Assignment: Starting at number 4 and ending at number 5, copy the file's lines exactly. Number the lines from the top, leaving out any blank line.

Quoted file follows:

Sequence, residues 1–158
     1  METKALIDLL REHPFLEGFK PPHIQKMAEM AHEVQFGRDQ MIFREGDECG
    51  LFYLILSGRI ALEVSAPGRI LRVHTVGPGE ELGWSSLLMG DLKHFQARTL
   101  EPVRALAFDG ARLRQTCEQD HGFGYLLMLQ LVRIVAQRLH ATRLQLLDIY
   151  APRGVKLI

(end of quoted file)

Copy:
   101  EPVRALAFDG ARLRQTCEQD HGFGYLLMLQ LVRIVAQRLH ATRLQLLDIY
   151  APRGVKLI